The route then takes these nicely wooded back roads that are mostly flat but with a couple tiny bumps till at last it runs south onto the longest climb of the ride – Norway Hill. This hill is in two parts with a very short flat segment (and a stop sign) in between the two segments.  I’ve ridden both segments before, but mainly the lower section as yTop of Norway Hillou can continue up from there into Kirkland. The lower section gently rises then takes a series of right angle turns, climbing all the while. There are a couple of steep segments here but nothing off the hook.  It is a deeply shaded route through a gap up the valley wall.  The steepest part is right at the final switchback and then it is a gently rising straight segment to the stop sign.  A sharp right and you begin climbing again immediately up the second segment.  This part also twists its way up, up, up with the steepest sections of the whole climb at one point.  It comes to the end with some nice scenic views over the Sammamish valley and out towards Seattle. The descent from Norway Hill is akin to the climb in that it is completely shaded, steep and with several sharp curves. It t-bones into a fairly busy road at the bottom sapping an otherwise screaming descent.  A circuitous roue through suburbia with a mixture of flat easy riding
and some straightforward ups and downs follows this big hill. On a fairly major arterial the road dips down, under I-405 and then begins the climb up Kingsgate Hill.

Kingsgate Hill
Hill No 5 – Kingsgate Hill

This hill is a ruler straight, steady climb with the steepest section right at the beginning and end. Right after you dip down below the interstate there is a fairly steep, short bit to a traffic signal which luckily I made.  Then its pretty steady, fairly gentle climbing for a pace, flatting out almost completely for a short segment then a longer, steeper section to another traffic signal.  After this signal there is a final not too hard of a grade to yet another signal. A left at this signal takes you past a church where, if you were on the real ride, there would be a mid ride refreshments.  I took a swig of water and rode on.  The route follows the top of the valley wall through several neighborhoods and with two major descents back down into the valley.  The second of these is a long, gently curving, well paved road that I hit the max speed of this ride at over 36mph.  The base of this hill is actually only about a mile up from the turn off to Norway Hill  – this route is super compact riding up and down the Sammamish valley wall over and over again.  At a convenience store on this road I bought bottled water and a Key Lime Almond Joy. I love key lime pie and was tempted by this candy bar. It was horrific, not recommended.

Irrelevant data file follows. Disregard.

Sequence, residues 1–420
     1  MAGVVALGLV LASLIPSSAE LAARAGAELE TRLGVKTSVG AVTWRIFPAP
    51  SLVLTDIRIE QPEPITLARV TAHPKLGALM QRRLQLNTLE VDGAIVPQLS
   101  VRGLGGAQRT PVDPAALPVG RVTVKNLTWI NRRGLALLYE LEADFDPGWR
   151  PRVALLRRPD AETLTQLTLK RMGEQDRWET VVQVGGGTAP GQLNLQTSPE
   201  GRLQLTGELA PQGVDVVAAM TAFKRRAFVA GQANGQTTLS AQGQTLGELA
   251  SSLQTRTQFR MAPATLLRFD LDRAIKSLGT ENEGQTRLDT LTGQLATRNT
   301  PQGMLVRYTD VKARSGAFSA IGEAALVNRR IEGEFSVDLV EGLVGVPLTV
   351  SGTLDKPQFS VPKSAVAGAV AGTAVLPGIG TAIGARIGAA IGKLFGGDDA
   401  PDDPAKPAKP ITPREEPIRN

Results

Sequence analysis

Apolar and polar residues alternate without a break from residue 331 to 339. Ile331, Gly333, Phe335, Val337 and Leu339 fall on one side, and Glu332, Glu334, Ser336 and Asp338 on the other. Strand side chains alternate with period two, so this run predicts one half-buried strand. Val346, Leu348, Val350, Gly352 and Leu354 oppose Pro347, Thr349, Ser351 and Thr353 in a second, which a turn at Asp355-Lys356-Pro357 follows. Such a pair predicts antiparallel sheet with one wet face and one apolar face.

Winery Hill
Hill No 6 – Winery Hill

The road is now the Woodinville-Redmond road, a nice flat route through light industrial and the Woodinville Wine region.  At the point where the road curves north, this route turns south and up Winery Hill.  This is by far the toughest hill of the whole route, fairly long but easily the steepest.  It begins with a short, very steep section on beat up asphalt with a railway crossing at the top. The hill then regains its grade curving up and up with a long run-out at the end. But if you take a hard right directly after the railroad tracks you can take a steeper, longer route up. That was the way the 7 Hills planners chose to go.  The section right Redmondafter the tracks crossing is the steepest, something like an 18% grade. There are several hard turns and the roads are really the private roads of a housing development. Eventually you reach the top of the valley walls and there is the climb out in the picture above. On the real ride there is a piper at the top of this section playing you to the top of this tough climb.  The route then parallels the portion of the ride from the top of Kingsgate Hill, past the food stop at the church and then a back hill descent back into the valley.  A nice couple of mile long flat section on Willows Road then follows.  This ends with a bit of a climb to an intersection with Redmond Way. You turn onto this road then a quick right, followed by another right and you are on the start of the Rose Hill climb.